Paying Employees To Quit

Do you have a poor performer on your team? A team member that doesn’t pull their weight and drags the rest of the team down? How much would the teams’ productivity increase if they weren’t at the company? What about the team member, would they actually be happier with a different organization?


How much is it all worth?


David Burkus, speaker, podcaster and author of The Myths of Creativity and Under New Management suggests paying employees to quit.  Offering that poor performing team member a lump sum to quit. Giving them the option to leave with some help or stay. Maybe you’ve spent hours coaching them and helping but it’s still not working. Could paying them to leave be the next step? They know it’s not working. You know it’s not working. This could be a more personal and human way to part ways. Giving the choice. Giving the option.


David points out two benefits to paying a team member to quit.


First, he points out that with this as a strategy employees truly WANT to work at the organization. Those employees that don’t want to stay with the company, that aren’t engaged and aren’t motivated, have a choice.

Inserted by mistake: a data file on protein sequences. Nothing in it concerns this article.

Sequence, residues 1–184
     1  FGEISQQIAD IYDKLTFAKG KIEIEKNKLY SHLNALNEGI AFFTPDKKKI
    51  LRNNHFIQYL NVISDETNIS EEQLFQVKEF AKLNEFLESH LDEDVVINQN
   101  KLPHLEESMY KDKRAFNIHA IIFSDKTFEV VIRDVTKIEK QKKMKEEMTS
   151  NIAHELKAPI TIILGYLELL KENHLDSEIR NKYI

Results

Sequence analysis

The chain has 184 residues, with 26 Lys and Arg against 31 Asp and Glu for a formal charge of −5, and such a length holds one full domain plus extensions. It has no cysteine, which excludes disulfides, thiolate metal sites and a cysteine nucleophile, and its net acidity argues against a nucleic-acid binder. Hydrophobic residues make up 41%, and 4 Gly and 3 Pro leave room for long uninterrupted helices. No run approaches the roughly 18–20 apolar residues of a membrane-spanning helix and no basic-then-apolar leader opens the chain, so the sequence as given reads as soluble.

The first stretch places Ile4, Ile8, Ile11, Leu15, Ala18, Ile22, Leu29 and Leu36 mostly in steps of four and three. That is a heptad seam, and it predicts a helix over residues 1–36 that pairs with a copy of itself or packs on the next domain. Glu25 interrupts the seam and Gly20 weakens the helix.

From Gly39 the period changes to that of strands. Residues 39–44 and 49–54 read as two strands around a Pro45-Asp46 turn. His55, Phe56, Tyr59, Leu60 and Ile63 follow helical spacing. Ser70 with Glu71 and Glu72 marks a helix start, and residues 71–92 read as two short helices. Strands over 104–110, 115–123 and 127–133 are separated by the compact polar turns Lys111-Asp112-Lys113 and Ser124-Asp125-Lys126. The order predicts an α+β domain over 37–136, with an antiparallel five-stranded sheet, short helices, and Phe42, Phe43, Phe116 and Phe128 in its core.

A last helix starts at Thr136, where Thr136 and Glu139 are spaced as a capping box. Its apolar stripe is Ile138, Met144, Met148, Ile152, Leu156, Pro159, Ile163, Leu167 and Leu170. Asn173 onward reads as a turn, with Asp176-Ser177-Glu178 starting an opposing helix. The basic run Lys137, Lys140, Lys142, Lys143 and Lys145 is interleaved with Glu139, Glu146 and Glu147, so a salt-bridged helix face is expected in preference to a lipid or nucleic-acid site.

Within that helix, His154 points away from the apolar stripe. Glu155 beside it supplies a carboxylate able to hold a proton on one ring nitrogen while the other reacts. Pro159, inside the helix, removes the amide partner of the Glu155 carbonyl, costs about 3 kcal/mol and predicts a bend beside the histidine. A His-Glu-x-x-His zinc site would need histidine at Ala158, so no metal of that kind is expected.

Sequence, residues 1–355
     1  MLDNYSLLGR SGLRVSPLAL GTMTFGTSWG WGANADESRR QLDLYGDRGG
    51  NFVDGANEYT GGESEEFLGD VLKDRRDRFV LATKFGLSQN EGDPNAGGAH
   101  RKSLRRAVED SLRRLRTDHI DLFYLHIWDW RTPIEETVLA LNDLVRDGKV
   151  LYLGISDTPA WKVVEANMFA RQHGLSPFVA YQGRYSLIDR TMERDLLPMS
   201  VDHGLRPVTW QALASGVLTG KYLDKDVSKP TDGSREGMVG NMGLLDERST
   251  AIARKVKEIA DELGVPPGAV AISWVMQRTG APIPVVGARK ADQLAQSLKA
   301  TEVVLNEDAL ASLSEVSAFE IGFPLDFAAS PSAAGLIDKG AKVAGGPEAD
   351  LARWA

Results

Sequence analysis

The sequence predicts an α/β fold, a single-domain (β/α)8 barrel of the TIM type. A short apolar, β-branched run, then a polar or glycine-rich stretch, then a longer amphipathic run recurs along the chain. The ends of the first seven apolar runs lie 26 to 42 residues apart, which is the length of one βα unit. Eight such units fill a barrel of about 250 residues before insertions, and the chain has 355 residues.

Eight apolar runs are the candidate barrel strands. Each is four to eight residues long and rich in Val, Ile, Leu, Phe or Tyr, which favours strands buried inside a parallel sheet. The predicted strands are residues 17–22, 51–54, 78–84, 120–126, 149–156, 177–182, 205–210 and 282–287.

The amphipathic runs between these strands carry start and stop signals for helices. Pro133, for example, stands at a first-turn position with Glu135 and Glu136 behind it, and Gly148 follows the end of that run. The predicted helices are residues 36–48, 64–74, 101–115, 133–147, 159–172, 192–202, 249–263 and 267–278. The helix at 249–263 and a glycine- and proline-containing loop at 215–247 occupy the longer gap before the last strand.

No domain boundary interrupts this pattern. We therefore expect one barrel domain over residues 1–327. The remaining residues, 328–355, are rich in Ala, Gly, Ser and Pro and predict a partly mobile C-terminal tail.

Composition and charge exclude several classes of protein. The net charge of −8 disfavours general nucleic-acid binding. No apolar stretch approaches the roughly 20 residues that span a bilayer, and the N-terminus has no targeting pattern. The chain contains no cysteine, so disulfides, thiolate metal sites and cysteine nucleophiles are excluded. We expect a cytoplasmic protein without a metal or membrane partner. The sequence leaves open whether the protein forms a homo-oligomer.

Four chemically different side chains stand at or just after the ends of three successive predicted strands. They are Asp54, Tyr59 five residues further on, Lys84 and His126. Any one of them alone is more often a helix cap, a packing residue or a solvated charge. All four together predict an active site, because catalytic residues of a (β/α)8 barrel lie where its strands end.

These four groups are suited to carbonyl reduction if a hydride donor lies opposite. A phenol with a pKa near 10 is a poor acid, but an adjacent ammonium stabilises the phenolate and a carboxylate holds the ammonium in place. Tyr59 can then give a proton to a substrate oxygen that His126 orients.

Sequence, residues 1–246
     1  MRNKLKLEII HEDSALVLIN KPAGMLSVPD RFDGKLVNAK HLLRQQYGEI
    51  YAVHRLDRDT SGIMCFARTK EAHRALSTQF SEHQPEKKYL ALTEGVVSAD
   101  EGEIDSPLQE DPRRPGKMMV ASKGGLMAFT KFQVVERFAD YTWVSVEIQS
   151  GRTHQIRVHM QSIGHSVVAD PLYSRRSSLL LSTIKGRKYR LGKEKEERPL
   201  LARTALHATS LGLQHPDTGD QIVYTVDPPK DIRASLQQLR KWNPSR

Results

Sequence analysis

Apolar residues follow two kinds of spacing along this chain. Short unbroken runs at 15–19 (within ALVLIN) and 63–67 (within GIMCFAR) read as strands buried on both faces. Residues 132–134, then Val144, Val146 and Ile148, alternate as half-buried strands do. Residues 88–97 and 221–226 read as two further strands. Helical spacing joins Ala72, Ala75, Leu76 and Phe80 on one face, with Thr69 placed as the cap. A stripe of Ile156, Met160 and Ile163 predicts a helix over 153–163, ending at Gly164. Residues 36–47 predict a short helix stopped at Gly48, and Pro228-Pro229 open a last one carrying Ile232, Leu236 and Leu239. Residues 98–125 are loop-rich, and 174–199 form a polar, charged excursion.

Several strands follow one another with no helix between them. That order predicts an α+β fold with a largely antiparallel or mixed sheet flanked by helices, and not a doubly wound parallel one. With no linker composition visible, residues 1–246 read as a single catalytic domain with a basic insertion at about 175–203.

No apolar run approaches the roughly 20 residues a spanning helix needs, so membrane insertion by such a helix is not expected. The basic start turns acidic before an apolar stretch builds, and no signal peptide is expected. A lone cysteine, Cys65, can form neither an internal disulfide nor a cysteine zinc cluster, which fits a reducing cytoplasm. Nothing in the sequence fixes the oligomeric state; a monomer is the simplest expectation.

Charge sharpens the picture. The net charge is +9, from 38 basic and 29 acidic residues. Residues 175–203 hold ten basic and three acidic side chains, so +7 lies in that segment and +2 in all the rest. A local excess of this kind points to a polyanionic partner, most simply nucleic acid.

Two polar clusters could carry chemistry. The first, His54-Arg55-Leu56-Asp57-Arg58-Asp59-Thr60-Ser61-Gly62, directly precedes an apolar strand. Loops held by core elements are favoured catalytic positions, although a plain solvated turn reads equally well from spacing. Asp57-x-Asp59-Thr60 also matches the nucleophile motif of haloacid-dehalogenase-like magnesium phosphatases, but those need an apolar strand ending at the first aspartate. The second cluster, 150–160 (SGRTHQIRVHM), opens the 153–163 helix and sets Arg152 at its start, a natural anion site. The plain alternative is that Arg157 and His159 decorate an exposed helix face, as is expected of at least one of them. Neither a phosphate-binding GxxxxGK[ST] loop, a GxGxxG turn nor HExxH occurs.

“Become the kind of company that you’re advocating that we become, where people want to work there, where you enroll people etc. You also need to be a company that people are proud to have worked at, not just actually work at. I talked about this a bit in the last chapter on ‘Celebrating Departures’, but if they don’t take the money that you’re paying to quit, you can’t celebrate their departure.”  David points out that those who leave, “walk away with a positive experience about it and that makes it a place where she’s more likely to be proud to be from”.


The second benefit that David highlights is with team members that stick around and choose to stay.


“If I offer you a ton of money then you don’t leave, well, now you’ve got all sorts of subtle confirmation biases going on in your subconscious that help reinforce why it was worth the money to stay”. A team member who sticks around would be more committed, more willing to work on their gaps and possibly even increase their productivity.


The next time you’re having trouble with a team member, consider paying them to leave.



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